Monday’s night meeting was a robust gathering of 22 people in total – 19 of whom were PWS and an impressive turnout of 10 first-timers! Welcome to our NSA Midtown Chapter Mihir, Daniel, Vladamir, Marijana, Ajay, Kevin, Melanie, Stephen, Danny and Chani. We are very excited and fortunate to be around a strong and growing stuttering community here in New York City.
We split into two groups and as usual discussed some of the many things stuttering-related on our minds. A few of the members in both of the groups expressed a level of frustration we feel when parents, either currently or in the past, cause by putting uncomfortable pressure to work on our skills. This can be especially exasperating since we live in a culture where people are somewhat conditioned to think that basically every abnormality has some straightforward fix, or even a cure. But unfortunately, outside of these support groups and our community, most people are pretty ignorant on the subject of stuttering and really don’t know what the heck they’re talking about.
One of the first timers, a native from Eastern Europe, expressed how up until joining us tonight, he had never spoken to another person who stuttered. To clarify, he actually has a long-term friend who also happens to stutter, but they have never talked about stuttering over the 30 years of knowing each other. Tonight he spoke to 18 of us about it!
Another first-timer expressed how when compared to his home country of India, people here in the US tend to be more accepting of a person who stutters. It’s safe to say that for some, maybe because of cultural differences, stuttering is still sort of a taboo subject to talk about. But there are others who talk about stuttering freely and happily. One of our members, Dhruv Gupta, a native of India who is currently living in Mumbai, is the leader of a large stuttering community there and is doing an amazing job helping people who stutter and spreading awareness. Dhruv, you’re the man.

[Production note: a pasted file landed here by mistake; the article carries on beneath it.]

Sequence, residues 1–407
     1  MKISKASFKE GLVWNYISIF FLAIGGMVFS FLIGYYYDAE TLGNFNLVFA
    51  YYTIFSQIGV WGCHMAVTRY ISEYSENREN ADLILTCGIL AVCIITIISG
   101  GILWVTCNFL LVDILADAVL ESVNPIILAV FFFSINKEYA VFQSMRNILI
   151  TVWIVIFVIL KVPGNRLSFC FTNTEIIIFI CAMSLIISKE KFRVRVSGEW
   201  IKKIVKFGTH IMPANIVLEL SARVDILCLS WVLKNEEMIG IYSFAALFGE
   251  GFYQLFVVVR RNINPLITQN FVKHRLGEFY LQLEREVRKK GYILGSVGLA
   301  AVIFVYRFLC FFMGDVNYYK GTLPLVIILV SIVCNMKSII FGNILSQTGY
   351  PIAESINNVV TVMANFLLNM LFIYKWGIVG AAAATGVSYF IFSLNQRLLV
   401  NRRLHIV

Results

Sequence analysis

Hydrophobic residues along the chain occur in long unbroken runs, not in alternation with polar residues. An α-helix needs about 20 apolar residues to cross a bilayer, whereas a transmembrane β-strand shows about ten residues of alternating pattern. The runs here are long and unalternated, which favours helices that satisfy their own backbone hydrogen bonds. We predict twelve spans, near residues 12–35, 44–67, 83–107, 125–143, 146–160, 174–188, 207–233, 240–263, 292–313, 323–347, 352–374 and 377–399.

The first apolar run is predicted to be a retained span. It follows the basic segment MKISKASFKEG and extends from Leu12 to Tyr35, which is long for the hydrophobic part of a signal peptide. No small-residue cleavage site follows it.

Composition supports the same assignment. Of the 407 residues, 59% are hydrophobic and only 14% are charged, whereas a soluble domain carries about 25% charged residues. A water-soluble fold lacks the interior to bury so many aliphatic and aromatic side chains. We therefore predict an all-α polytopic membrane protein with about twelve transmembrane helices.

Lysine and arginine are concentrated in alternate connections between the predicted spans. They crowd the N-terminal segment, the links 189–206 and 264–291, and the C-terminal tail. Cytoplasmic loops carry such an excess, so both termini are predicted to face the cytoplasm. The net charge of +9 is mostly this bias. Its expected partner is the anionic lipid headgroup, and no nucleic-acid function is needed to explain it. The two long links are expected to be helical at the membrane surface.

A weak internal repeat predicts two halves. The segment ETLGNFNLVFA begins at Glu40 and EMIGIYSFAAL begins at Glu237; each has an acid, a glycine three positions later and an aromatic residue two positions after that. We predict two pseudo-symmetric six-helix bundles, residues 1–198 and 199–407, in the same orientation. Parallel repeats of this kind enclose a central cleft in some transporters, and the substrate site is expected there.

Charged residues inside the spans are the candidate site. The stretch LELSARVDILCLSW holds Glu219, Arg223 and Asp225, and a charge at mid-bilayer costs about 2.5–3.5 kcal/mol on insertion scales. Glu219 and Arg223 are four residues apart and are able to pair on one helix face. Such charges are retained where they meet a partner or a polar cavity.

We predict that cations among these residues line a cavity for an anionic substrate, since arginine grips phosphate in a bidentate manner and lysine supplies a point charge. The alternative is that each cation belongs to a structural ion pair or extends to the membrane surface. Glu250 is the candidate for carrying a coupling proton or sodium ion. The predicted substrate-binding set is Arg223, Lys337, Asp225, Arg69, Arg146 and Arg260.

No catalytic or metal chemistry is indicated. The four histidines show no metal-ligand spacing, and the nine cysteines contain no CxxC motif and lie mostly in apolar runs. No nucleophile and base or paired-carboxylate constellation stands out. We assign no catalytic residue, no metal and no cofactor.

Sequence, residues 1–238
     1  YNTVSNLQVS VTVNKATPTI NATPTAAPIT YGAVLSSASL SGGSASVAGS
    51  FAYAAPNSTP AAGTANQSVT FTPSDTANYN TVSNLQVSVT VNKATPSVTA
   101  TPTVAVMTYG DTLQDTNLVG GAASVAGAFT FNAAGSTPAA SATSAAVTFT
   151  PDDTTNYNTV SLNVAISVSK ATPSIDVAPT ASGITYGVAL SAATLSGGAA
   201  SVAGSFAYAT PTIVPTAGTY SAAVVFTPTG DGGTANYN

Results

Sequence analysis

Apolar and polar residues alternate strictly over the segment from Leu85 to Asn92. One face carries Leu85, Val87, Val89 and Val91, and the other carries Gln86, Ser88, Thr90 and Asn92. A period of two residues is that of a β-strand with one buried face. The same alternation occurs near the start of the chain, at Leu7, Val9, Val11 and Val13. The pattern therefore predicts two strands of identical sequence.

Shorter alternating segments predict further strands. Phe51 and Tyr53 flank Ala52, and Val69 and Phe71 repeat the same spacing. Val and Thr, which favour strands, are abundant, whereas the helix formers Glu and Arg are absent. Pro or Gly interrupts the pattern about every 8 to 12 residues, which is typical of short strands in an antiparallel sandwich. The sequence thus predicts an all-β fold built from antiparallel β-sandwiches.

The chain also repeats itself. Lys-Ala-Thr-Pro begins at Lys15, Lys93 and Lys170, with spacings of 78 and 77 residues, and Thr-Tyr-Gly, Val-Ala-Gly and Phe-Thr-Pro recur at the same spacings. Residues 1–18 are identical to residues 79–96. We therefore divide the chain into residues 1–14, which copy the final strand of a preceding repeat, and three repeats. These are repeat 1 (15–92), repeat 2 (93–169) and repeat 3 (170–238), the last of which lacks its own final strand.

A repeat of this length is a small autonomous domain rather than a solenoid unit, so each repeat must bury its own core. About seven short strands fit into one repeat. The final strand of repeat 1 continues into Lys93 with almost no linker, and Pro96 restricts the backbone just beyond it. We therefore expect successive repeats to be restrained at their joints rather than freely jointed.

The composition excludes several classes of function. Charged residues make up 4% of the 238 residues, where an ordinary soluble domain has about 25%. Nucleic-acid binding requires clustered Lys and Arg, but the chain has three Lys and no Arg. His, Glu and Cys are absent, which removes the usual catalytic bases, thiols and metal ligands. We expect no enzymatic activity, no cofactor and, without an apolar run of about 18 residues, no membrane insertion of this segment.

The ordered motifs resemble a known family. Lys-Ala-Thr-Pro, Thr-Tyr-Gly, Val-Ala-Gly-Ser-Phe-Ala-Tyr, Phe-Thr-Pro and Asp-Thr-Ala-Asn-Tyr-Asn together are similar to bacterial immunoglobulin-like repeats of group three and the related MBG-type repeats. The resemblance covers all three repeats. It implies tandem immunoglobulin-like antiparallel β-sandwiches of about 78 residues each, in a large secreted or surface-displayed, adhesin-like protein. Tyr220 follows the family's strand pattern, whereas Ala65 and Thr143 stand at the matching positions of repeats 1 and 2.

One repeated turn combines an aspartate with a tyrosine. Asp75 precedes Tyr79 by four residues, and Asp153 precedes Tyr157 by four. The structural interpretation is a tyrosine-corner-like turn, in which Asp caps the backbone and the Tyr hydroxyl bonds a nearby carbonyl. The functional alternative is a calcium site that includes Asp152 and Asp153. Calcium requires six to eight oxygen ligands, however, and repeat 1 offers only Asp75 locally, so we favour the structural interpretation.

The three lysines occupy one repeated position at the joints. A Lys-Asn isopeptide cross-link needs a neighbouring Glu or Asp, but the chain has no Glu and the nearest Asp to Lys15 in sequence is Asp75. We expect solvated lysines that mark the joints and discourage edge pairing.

We talked about how our fluent friends and acquaintances could better understand stuttering, and maybe even experience how it feels in some way. One of our first-timers, a PWS and an SLP grad student explained that one of her assignments in her stuttering class was to go out into the world and stutter three different times. This can be very effective for fluent speakers in experiencing the iceberg effect related to stuttering – there’s much more going on beneath the surface than what meets the eye.
One member raised the question if some of us have at times let our stuttering hold us back, sort of like a crutch, when in reality it was something else that was preventing ourselves from moving forward. This raised the notion that despite our daily challenges that we may face, we also have a responsibility to hold ourselves accountable for the goals we set out to accomplish in our lives. One member talked about one of his idols, Jack Welch, former CEO of General Electric and a person who stutters. You can listen to a fantastic StutterTalk podcast of him here.
In closing, an analogy that may be applicable and can simplify things a bit is that we’re all dealt a set of cards in our lives, a hand. And many of us who came to group this evening and continue to come to try to figure out how best to play this one hand we have. Together we’ll figure out how to do just that, because together we are strong.